By now you’re probably heard the tape of the 911 call from Glenwood Gardens, an independent living facility in Bakersfield, Calif., for help after an 87-year-old resident collapses in a dining room. During the call, the 911 dispatcher directs the caller, a registered nurse, to begin CPR on the resident.
The nurse refuses. The ambulance arrives and transports the resident to the hospital where she later dies.
Jeffrey Toomer, the executive director of the community, released a written statement about the incident. “In the event of a health emergency at this independent living community our practice is to immediately call emergency medical personnel for assistance and to wait with the individual needing attention until such personnel arrives,” he said.
The incidence raises tough questions. Was the nurse professionally, morally and legally obligated to perform CPR? Was the resident’s family aware of the community’s policy? What were the resident’s wishes? How does the family feel about what happened?
These situations remind us of the importance of discussions about how life ends. For me, when I’m 87 and collapse in a facility, I don’t want the staff to call 911. I want one staff member to call my family members so they have a chance to be with me when I pass. I want another staff member to hold my hand and keep me as comfortable as possible. I want another staff member to play two songs, in this order: “Running on Empty” by Jackson Browne and “In the Sun,” a beautiful duet by Micheal Stipe and Chris Martin. To me, this is a great way to go. (I’ll promise the facility that I’ll keep a copies of the songs in my purse. I also will tell every staff member about my wishes, probably every day. And, I’ll carry instructions in that same purse.)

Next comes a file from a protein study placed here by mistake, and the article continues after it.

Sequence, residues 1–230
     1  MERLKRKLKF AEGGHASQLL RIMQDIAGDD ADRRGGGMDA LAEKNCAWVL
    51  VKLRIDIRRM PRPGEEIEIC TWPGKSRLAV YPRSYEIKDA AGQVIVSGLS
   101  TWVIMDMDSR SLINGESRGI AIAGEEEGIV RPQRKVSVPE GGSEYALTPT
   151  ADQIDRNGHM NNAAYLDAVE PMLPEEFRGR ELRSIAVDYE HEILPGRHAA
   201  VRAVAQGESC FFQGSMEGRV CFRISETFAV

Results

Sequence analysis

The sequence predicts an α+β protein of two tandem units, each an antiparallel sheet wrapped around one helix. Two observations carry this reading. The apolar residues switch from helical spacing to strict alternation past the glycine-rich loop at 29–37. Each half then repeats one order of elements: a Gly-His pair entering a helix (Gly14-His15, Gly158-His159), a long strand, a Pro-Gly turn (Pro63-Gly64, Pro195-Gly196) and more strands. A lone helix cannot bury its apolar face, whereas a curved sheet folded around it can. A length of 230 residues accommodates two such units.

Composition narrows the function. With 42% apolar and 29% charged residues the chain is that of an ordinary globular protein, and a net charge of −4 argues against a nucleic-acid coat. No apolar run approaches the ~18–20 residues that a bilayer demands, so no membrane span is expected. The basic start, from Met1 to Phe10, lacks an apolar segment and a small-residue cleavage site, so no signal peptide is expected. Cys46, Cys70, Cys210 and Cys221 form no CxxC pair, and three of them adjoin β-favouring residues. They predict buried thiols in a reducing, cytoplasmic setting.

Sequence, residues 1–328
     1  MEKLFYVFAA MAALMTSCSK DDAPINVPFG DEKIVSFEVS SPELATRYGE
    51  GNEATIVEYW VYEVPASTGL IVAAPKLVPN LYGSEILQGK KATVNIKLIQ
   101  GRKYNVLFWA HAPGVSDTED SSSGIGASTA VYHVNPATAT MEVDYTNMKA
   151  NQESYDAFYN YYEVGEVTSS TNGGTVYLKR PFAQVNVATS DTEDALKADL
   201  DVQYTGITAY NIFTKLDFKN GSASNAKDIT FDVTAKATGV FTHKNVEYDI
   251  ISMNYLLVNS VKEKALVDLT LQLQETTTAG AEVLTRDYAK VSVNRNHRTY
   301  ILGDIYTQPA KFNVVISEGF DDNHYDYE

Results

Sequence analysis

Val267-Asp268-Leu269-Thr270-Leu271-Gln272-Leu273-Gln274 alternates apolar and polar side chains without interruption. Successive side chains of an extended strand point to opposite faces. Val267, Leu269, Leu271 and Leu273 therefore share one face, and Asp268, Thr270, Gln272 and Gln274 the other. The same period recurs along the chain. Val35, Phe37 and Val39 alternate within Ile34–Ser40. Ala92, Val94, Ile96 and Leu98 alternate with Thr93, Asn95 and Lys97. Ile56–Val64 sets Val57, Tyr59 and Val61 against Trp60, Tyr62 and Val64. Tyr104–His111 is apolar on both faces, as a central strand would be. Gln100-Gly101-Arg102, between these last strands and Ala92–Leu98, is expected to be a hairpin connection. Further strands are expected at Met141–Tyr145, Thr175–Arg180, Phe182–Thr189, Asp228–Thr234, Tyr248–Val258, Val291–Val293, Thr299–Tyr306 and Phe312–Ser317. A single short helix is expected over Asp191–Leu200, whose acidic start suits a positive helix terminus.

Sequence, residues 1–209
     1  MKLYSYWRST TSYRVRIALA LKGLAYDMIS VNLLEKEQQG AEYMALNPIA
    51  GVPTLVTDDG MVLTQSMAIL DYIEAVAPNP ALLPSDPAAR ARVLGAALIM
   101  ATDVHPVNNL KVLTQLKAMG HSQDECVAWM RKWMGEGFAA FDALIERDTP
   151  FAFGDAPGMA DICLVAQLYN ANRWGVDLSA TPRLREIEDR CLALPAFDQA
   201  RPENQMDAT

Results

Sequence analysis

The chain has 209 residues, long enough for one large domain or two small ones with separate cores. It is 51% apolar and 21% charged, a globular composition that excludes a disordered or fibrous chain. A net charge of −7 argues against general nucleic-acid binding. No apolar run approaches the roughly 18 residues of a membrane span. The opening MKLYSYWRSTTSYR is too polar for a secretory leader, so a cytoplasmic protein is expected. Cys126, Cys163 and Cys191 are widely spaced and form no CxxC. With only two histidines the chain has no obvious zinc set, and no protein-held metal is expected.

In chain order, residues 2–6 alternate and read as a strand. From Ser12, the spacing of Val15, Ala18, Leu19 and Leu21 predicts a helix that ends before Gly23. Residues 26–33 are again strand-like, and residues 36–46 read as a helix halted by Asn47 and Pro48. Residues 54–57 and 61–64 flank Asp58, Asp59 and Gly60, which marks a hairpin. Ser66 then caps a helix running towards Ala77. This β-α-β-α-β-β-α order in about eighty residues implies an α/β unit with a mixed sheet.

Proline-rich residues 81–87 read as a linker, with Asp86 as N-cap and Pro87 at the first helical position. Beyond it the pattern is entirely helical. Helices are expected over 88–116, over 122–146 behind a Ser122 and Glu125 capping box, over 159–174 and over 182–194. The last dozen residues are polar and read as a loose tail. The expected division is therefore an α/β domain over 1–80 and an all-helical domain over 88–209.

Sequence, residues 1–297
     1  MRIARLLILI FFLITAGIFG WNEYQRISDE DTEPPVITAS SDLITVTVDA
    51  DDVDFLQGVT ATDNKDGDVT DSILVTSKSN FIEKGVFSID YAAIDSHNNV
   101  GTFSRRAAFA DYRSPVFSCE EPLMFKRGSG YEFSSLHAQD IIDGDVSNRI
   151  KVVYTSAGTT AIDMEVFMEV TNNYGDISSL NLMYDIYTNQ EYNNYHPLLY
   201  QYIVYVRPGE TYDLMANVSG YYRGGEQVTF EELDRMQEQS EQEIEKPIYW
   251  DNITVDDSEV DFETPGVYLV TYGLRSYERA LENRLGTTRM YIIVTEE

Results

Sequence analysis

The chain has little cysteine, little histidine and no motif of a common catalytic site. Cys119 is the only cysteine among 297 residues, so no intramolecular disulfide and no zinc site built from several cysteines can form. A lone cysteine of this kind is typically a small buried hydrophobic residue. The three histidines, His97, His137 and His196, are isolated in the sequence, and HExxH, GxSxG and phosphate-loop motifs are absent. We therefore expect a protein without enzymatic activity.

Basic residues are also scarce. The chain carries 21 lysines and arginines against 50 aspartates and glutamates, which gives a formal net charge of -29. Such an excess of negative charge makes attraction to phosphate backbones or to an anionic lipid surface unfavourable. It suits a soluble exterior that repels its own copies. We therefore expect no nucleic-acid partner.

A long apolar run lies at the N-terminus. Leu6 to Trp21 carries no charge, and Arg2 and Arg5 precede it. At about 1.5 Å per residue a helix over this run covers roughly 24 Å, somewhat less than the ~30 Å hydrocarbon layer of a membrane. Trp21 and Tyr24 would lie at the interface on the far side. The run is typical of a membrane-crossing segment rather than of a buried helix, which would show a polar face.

So, when I chose a community, I will have discussions about these kinds of situations. If I collapse, will you simply call my family rather than 911? Will staff be able to hold my hand and play two songs for me? If the community can’t honor my requests, then I need to look for another one.
If some day I change my mind and I decide I want everything done to keep me alive, then I would want to chose a facility with a different policy than the one Glenwood Gardens has. I would choose a facility that immediately begins CPR and calls 911.
So much of our discussion about choosing a facility focuses on quality care–and rightly so. Except we often neglect to discuss quality of care at the very end of life. We know to ask questions about staff ratio and the quality of rehab services, but we don’t think to ask questions about how a facility will manage our last moments or the decisions the staff will make during what will be our last moments if we don’t receive medical interventions.
What happened in Bakersfield provides us all an opportunity to talk about what we want for ourselves when our end happens. And, if the time comes for us to look for a facility for our carees and then for ourselves, we must continue the conversation with the facility staff. We want to make sure our last moments—wherever they happen–are spent just as we want.
What do you think? Please share your thoughts in our comments section, below.
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